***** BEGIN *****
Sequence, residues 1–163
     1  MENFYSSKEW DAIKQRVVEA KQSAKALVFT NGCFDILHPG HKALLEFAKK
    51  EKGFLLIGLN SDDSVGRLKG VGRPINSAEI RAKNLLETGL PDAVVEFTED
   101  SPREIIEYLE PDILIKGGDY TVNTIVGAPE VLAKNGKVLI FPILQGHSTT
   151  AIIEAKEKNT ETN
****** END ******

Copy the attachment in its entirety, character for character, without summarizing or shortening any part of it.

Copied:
Sequence, residues 1–163
     1  MENFYSSKEW DAIKQRVVEA KQSAKALVFT NGCFDILHPG HKALLEFAKK
    51  EKGFLLIGLN SDDSVGRLKG VGRPINSAEI RAKNLLETGL PDAVVEFTED
   101  SPREIIEYLE PDILIKGGDY TVNTIVGAPE VLAKNGKVLI FPILQGHSTT
   151  AIIEAKEKNT ETN